What is Herman Cain bringing to the Republican Party other than pizza and his brand of pizzazz?
Well, the former chairman of Godfather's Pizza, who pretty much dropped out of the running in the GOP presidential primary because of his womanizing, promises to bring an "unconventional" endorsement when he addresses the Southern Republican Leadership Conference on Jan. 19 — a couple of days before the South Carolina primary — and then gets on his bus to spread the message of "Cain's Solutions Revolution." In the meantime, he's been mangling the Reagan rule against Republicans bashing other Republicans.
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Though he has been the butt of jokes by late-night television hosts and by comedians such as D.L. Hughley, he seems to be enjoying his new, not-easily-defined role. Even so, black conservatives who were dismayed by his humiliating downfall linked to alleged sexual peccadilloes still see a role for Cain, not only in the 2012 presidential election season but also in drawing more blacks to the GOP.
"Cain has power," says Lloyd Marcus, a pundit, Tea Partyer and chairman of the Campaign to Defeat Barack Obama. "I know that Cain is going to come back in a big role." Back in December when Cain suspended his campaign, Marcus blogged: "As a black conservative myself, I was excited about black America meeting Herman Cain — a brilliant black businessman who loves God and country. Cain's message was a breath of fresh air, a striking contrast to the absurd victim- and entitlement-minded garbage coming out of the mouths of too many successful rich blacks who say, ‘Yes, we are multimillionaires, but America is still racist, sucks and owes us.' "
Marcus has clearly touched on what has made Cain popular in some black GOP circles. In Utah, for instance, Mia Love, a black woman, is running for a congressional seat and says that every chance she gets, she intends to demonstrate that "there are conservative black Americans everywhere that believe in fiscal discipline, limited government and personal responsibility."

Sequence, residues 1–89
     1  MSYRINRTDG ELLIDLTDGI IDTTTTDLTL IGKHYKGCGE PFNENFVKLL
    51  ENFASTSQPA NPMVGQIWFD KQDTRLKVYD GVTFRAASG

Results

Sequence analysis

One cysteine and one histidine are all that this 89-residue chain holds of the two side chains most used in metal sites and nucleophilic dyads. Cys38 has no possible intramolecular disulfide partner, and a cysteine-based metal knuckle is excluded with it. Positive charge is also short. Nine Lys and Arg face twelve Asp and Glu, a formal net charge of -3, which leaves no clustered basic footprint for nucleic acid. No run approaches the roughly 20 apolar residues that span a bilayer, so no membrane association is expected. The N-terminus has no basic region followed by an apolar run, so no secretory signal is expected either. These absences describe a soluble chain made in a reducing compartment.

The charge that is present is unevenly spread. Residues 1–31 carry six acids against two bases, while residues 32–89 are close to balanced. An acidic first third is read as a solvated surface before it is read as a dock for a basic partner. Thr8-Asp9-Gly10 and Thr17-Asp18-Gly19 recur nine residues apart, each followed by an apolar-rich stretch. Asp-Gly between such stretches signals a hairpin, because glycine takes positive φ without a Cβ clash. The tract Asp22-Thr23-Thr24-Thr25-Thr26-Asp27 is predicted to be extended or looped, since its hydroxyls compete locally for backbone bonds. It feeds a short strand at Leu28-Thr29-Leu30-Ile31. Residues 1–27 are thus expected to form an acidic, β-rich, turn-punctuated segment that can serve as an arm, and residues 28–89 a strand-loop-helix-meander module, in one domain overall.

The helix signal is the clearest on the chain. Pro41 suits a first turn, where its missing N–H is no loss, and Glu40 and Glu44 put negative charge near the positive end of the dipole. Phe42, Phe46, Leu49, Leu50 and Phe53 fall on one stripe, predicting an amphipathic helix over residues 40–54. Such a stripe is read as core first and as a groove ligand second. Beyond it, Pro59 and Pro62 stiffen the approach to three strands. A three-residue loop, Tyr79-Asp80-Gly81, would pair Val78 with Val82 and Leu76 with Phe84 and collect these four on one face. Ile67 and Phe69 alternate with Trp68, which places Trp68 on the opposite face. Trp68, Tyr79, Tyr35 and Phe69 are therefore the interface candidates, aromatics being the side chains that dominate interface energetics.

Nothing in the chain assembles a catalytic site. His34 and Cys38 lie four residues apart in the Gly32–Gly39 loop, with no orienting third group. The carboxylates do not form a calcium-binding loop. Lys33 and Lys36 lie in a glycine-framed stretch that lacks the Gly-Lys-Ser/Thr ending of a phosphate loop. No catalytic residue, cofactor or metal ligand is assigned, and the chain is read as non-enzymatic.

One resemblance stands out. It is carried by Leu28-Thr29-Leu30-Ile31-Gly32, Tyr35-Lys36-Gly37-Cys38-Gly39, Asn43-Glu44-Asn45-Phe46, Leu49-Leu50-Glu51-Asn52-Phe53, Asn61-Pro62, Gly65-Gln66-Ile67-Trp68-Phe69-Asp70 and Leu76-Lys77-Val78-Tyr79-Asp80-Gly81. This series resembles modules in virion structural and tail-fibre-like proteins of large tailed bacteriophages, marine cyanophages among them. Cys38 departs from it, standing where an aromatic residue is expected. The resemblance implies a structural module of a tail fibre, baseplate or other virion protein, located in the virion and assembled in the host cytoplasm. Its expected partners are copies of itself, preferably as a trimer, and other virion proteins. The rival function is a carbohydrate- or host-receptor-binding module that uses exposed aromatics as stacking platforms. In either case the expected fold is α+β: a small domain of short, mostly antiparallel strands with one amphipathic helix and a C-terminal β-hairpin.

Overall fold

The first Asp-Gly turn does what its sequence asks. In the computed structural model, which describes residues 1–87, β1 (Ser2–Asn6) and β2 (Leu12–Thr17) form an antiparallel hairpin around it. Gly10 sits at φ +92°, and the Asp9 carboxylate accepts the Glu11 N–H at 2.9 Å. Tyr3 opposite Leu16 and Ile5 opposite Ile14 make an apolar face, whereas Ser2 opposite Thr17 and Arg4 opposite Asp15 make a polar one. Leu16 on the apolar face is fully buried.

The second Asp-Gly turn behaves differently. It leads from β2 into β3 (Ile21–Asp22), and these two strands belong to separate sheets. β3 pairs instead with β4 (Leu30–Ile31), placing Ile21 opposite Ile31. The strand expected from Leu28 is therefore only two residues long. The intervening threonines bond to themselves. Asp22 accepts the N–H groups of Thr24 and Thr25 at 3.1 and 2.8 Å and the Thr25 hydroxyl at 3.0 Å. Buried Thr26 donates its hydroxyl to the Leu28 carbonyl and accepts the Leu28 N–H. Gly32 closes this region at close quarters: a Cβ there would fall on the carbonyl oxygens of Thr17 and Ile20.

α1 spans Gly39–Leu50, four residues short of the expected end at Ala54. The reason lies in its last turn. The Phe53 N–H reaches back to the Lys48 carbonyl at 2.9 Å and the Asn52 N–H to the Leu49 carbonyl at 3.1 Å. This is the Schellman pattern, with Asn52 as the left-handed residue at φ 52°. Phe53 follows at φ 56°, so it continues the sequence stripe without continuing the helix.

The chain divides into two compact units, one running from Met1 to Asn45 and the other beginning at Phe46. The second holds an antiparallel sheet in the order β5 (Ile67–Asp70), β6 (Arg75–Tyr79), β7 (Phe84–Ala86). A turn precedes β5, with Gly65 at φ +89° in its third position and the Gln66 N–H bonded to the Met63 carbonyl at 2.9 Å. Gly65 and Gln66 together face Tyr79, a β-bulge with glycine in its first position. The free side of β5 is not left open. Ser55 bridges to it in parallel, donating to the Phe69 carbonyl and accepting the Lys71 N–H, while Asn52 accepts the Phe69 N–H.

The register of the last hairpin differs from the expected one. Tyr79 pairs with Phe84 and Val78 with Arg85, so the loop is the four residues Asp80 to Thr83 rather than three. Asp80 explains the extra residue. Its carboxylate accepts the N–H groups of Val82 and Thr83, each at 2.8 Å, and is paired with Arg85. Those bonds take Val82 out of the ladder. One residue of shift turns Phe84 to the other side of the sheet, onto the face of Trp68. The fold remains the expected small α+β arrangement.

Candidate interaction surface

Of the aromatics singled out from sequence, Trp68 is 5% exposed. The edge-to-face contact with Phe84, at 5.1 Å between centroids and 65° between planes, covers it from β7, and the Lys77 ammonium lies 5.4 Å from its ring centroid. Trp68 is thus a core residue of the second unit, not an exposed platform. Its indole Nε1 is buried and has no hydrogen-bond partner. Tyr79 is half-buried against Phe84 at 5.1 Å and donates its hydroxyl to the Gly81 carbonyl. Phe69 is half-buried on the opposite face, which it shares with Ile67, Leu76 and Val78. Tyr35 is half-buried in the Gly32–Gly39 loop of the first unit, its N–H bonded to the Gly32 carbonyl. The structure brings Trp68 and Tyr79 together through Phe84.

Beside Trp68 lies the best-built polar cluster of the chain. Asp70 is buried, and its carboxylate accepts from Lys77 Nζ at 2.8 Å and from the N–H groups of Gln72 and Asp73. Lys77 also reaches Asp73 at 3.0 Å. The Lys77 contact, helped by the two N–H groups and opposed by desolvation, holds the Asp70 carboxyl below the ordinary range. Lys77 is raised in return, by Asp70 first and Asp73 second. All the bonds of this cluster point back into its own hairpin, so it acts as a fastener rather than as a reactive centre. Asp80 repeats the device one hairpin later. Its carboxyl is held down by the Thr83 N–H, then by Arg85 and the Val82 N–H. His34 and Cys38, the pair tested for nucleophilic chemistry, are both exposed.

A problem, however, that the party cannot seem to figure out is how to pitch itself to blacks. It tries to tie this current crop who define the GOP to Abraham Lincoln, founder of the party in the 1850s and "liberator" of slaves. But that party, especially in the South, ceased to exist during the civil rights movement when President Lyndon Johnson led a charge for historic legislation guaranteeing blacks the right to use public accommodations like buses and hotels and the right to vote. The current GOP, through its National Black Republican Association, spends a lot of effort trying to convince blacks that Martin Luther King Jr. was a Republican. That's pretty much a lot of hooey.
The party should have a fairly easy time, in theory, attracting a number of black people, given that blacks make up a higher percentage of churchgoers who are more receptive to appeals based on social and moral concerns.
When Cain was at the top of the I-am-not-Romney pack, he was never a "black" candidate. He was beloved by conservatives in general and, of course, Fox News. He was iconoclastic, witty, articulate and colorful. He was no more a standard-bearer for blacks than Michael Steele, the former chair of the Republican National Committee, or Rep. Tim Scott of South Carolina, who is a player in the SRLC.
Nevertheless, says Crystal Wright, who blogs as Conservative Black Chick, "For black Republicans, what he did was a good thing. He put a spotlight on black Republicans." And, says Richard Ivory, a member of Hip Hop Republican, Cain did something else when it came to putting the spotlight on Tea Party members, proving, he said, that "their impulse is not a racial impulse but a deeply felt ideological one."
Those assessments do not mean that Wright or Ivory was not disappointed in Cain. "When you are running an unconventional campaign," Ivory says, "you have to expect that there are things that will come up."
What seems to be drawing blacks to the contemporary GOP — some dating their entry point to Nixon, but most to Reagan — has to do with that long, perceived disrespect by the Democrats; dissatisfaction with the size of government; and impatience with impediments to small business. In Cain — a Morehouse-educated, Christian, family-values man and entrepreneur — all these strains found a friendly face and a witty voice.
As for the future, Wright, an advocate of limited government, says, "He's going to be relevant to the presidential election." She notes that Cain resonates with the Tea Party movement and makes blacks rethink their affiliations. However, in the last month of his active campaign, in addition to the woman issue, an Achilles heel became evident: Cain had no answer to questions about foreign policy or military strategy. The only thing he seemed comfortable selling was his "9-9-9" tax plan — easily made to sound like a pizza ad after his gaffes on other topics.
Chuckling, and only half kidding about Cain's upcoming announcement, Ivory said, "With Cain, you never know. He just might get back into the race!"
E.R. Shipp, a Pulitzer Prize-winning journalist, is a frequent contributor to The Root.